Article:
I recently was on a call where a technical unit indicated they did not receive any form of documentation around the vendor database that was created. Now, seeing that I fall into the database profession it sparked my fancy. I began to ask a few questions to the individual who was asking for this documentation; these are important questions in that you have to determine if there is a need for what was running through my mind. Sure enough, the technical team, was just needing some guidance on overall structure and what they were dealing with in terms of tables, procedures, and so on. This group was trying to review and write a process around information they were not privy to.
My mind went straight for the SQL Doc utility that RedGate has available. It’s a simple utility really to utilize and often times can save the day for such cases like the one above. Check out the steps below on how easy the utility allows you to document a database on the fly:
Step 1: As you open the application you will be prompted to enter a server location followed by how you’d like to connect to it (Windows or SQL authentication). In this case we’ll just hook up to a local instance I have on hand.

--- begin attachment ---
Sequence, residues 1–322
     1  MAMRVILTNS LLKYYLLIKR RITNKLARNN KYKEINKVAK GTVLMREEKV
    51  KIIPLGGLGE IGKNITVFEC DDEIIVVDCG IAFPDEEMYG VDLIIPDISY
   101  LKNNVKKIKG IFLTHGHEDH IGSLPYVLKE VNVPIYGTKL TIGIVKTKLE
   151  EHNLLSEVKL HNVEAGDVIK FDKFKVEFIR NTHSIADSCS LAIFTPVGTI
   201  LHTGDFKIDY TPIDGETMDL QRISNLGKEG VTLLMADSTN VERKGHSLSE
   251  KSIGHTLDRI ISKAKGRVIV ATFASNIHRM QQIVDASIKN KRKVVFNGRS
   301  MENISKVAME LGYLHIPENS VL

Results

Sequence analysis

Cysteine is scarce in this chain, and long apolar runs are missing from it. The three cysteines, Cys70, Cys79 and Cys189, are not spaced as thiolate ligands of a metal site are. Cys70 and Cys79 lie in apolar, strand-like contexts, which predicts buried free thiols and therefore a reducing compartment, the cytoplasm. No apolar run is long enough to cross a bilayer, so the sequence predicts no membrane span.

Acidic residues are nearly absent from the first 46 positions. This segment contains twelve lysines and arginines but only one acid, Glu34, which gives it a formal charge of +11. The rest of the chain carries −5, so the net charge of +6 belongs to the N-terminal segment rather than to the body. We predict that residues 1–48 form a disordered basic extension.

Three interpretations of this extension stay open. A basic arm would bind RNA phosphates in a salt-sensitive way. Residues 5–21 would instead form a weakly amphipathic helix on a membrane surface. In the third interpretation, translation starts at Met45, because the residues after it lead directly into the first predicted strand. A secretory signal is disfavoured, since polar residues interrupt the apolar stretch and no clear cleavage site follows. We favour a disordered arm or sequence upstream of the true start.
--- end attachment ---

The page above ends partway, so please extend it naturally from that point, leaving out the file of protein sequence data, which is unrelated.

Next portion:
Step 2: Once connected you’ll have some default settings. There will be a cover page option along with the databases that you want to document.
Step 3: Looking at the project you’ll begin to review some of the following information:
- Database Selection
- Server Properties
- Server Settings
- Advanced Server Settings
- Sections that are included in the report
For this specific test I’m just going to take a look at the TempDB
The screen capture will note that under Object Types you are able to drill into and get as granular as you can. The below example will show you a snippet from a table in the TempDB and will also show that you can enter a description of what the field is utilized for in the far right hand column under Description.
Step 4: If you have to save this documentation out for any meetings or other purposes you can create a cover letter along with any logo information and description. Simply click on the cover page option on the left menu and complete the following:
Step 5: After all the choices are made you can click on the General Documentation Go button on the menu and be prompted for the following:
Give the location and file a name and BOOM; you’re done.
You may find yourself in a situation where you are needing a quick hit for documentation purposes. If you are an avid RedGate user and enjoy using their SQL Doc product; or maybe you had this product and didn’t even know what it was then you can benefit greatly from documenting multiple databases in a matter of minutes. This post is to show you what type of utility SQL Doc is and what it can actually be used for in a real life circumstance. In the end it was the right product and right time to use it for a technical team in need. Well done RedGate, well done.